No Comment — August 9, 2010, 10:01 am

Kazakhgate Ends With a Whimper

The biggest Foreign Corrupt Practices Act prosecution of all time, United States v. Giffen, just fizzled out. The Associated Press reports:

A businessman once accused of paying tens of millions of dollars in bribes to officials in Kazakhstan pleaded guilty Friday to a misdemeanor tax count.
James H. Giffen, 69, left U.S. District Court in Manhattan smiling after his $10 million bail was reduced to $250,000. He pleaded guilty to failing to note on his U.S. taxes that he controlled a bank account in Switzerland. He faces up to a year in prison and a $25,000 fine at his November sentencing. However, Giffen’s small New York merchant bank pleaded guilty to violating the Foreign Corrupt Practices Act. It admitted trying to influence Kazakhstan officials to favor it in contracts by sending two snowmobiles worth a total of $16,000 to a senior Kazakhstan official as a New Year’s gift in 1999. The bank can be fined $2 million or twice the gain or loss that resulted from the crime.

The outcome is a huge embarrassment to federal prosecutors, who had invested a decade in resources in the effort to convict Giffen of FCPA and related violations. The guilty plea arrangement involves a misdemeanor offense for which jail time is not unheard of but still unusual.

The Giffen case has been the focus of political manipulation concerns for years. In a July 2001 feature, “The Price of Oil,” Seymour Hersh documented the wrangling by the Kazakh and American governments that surrounded the criminal investigation. The New York Times’s Jeff Gerth subsequently reported that former Vice President Dick Cheney was involved in efforts to appease Kazakh concerns about the case. Afterwards, prosecutors on the case found themselves suddenly stripped of resources, and it lumbered along agonizingly as Giffen perfected a classic “graymail” defense—arguing that he was collaborating with the American intelligence community in all his dealings, and the U.S. government had approved. As the case approached trial, another stunner emerged: the CIA acknowledged that it had failed to turn over all of its documents relating to the case. With the prosecution sabotaged from within the government, prosecutors have been forced to accept a fig-leaf of a settlement from Giffen.

Kazakhs have long claimed that their government’s strategy of resolving the Giffen case by using the right levers with the American administration–a process that led them to hire former attorneys general and high-profile retired prosecutors, private investigators, and public-relations experts–would be successful. The outcome in the Giffen case appears to ratify that view. The notion of an independent, politically insulated criminal-justice administration in America has just taken another severe hit.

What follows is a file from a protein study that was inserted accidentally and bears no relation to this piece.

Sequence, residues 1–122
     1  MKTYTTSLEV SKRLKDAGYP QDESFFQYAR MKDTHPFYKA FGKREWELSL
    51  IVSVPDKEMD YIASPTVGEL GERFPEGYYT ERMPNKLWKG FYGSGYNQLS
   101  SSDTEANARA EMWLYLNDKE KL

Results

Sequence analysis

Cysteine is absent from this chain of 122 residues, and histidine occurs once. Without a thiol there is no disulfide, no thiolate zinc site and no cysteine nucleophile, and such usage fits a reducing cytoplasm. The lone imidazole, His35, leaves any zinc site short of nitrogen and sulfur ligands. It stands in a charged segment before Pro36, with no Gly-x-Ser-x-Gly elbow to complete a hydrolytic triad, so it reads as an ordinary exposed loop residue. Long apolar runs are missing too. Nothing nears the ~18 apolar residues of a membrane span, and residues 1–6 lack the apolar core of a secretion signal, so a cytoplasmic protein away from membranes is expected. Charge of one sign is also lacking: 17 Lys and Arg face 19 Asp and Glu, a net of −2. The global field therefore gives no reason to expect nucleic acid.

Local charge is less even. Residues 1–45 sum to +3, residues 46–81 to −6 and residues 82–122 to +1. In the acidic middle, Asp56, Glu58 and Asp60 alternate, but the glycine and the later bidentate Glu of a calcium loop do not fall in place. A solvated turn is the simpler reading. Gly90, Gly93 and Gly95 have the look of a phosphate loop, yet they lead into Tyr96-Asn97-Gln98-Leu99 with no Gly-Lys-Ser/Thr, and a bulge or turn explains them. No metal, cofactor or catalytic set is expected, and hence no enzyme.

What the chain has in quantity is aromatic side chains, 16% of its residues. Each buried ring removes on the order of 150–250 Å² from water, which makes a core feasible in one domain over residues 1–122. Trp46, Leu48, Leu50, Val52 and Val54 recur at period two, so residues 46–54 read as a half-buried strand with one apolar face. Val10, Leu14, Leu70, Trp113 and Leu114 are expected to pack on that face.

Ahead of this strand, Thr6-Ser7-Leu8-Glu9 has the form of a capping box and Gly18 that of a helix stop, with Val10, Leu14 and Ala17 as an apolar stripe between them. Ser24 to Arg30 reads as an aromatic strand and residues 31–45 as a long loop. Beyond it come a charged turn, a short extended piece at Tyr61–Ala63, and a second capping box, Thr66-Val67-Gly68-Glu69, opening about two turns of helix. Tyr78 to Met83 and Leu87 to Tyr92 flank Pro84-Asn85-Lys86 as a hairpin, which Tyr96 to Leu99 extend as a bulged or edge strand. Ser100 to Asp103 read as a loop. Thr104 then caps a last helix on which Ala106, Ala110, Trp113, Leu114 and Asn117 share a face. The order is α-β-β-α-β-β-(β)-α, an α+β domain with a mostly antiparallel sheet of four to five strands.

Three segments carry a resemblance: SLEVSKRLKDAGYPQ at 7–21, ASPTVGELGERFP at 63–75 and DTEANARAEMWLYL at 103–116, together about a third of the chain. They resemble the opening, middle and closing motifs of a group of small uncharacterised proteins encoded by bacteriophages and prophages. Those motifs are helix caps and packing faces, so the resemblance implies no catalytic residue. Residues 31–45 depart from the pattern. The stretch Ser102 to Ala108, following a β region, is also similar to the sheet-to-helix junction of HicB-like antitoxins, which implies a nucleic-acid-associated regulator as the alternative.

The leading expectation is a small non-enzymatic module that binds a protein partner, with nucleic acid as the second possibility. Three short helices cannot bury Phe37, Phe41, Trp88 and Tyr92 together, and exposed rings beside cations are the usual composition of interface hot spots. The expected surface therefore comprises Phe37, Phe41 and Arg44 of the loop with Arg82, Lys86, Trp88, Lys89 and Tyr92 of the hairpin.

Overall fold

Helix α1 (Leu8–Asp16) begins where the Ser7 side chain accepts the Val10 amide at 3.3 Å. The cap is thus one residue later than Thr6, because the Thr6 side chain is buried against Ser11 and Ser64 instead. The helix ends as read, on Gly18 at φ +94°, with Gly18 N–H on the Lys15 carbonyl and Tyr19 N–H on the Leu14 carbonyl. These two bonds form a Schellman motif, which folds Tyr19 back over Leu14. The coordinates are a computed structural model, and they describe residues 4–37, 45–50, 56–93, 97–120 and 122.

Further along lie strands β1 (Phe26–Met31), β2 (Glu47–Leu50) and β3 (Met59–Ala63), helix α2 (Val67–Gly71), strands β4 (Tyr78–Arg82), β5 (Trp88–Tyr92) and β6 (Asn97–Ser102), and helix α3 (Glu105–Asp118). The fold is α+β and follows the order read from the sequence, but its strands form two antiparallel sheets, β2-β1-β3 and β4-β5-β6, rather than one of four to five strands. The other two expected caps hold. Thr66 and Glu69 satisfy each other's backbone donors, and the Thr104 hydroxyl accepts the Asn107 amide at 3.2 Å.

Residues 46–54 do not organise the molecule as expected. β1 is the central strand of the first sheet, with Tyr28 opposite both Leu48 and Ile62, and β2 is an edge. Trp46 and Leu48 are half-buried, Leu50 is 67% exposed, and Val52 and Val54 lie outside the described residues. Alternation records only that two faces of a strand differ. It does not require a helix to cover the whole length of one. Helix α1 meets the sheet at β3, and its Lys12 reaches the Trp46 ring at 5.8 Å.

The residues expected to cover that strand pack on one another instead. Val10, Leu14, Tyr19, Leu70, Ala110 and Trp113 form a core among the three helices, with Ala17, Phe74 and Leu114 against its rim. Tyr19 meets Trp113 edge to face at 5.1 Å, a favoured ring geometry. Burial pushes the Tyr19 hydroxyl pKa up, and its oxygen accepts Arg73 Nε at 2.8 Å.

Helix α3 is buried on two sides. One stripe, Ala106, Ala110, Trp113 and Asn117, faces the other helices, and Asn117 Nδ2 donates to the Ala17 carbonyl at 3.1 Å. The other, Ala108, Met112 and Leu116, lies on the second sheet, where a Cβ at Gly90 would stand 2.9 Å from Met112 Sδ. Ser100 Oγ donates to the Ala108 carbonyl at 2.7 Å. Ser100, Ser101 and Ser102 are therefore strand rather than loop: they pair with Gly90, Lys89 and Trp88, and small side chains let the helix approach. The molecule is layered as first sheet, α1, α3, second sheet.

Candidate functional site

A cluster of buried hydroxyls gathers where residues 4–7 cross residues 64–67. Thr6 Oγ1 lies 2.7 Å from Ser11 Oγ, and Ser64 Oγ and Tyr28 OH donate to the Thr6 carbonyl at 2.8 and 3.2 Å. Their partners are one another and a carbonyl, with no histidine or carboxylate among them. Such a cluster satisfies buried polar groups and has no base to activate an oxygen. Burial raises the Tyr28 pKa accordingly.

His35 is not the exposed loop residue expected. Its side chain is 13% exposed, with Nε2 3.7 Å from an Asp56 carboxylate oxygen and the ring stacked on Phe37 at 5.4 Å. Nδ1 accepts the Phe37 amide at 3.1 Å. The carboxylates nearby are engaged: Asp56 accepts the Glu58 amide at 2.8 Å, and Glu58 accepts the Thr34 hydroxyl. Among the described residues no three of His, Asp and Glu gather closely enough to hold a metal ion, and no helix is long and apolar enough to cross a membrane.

Share
Single Page

More from Scott Horton:

No Comment, Six Questions June 4, 2014, 8:00 am

Uncovering the Cover Ups: Death Camp in Delta

Mark Denbeaux on the NCIS cover-up of three “suicides” at Guantánamo Bay Detention Camp

From the June 2014 issue

The Guantánamo “Suicides,” Revisited

A missing document suggests a possible CIA cover-up

No Comment March 28, 2014, 12:32 pm

Scott Horton Debates John Rizzo on Democracy Now!

On CIA secrecy, torture, and war-making powers

Get access to 164 years of
Harper’s for only $39.99

United States Canada

CATEGORIES

THE CURRENT ISSUE

October 2014

Cassandra Among the
Creeps

= Subscribers only.
Sign in here.
Subscribe here.

“Today Is Better Than Tomorrow”

= Subscribers only.
Sign in here.
Subscribe here.

PBS Self-Destructs

= Subscribers only.
Sign in here.
Subscribe here.

The Monkey Did It

= Subscribers only.
Sign in here.
Subscribe here.

view Table Content

FEATURED ON HARPERS.ORG

Post
"In mid-August, hundreds of displaced Christians who had fled to Erbil were moved by Kurdish authorities into the concrete shell of a half-built mall. "
Photograph by Sebastian Meyer
Article
“Today Is Better Than Tomorrow”·

= Subscribers only.
Sign in here.
Subscribe here.

“Iraq has every disease there is; its mind is deranged with too many voices, its organs corrupted, its limbs only long enough to tear at its own body.”
Photograph by Benjamin Busch
Post
Flying Blind·

= Subscribers only.
Sign in here.
Subscribe here.

“President Obama’s war against the Islamic State will represent, by a rough count, the eighth time the U.S. air-power lobby has promised to crush a foe without setting boot or foot on the ground.”
Article
The Monkey Did It·

= Subscribers only.
Sign in here.
Subscribe here.

“In Murakami’s fiction, what presents itself as a key reveals itself simultaneously to be a keyhole.”
Illustration by Steven Dana
Article
PBS Self-Destructs·

= Subscribers only.
Sign in here.
Subscribe here.

“The present state of PBS, the result of built-in deficiencies and ideological conflicts, was almost an inevitability.”
Illustration by Thomas Allen

Estimated percentage of U.S. gasoline consumption that occurs during traffic jams:

4

In India, 1.8 million female children were estimated to have died between 1985 and 2005 as an indirect result of domestic violence against their mothers; the boys of abused mothers were not at increased risk of death.

Vanilla latte and lemon pound cake continued to be the best-selling items at the Starbucks at CIA headquarters, where baristas do not write customers’ names on their cups.

Subscribe to the Weekly Review newsletter. Don’t worry, we won’t sell your email address!

HARPER’S FINEST

In Praise of Idleness

By

I hope that after reading the following pages the leaders of the Y. M. C. A. will start a campaign to induce good young men to do nothing. If so, I shall not have lived in vain.

Subscribe Today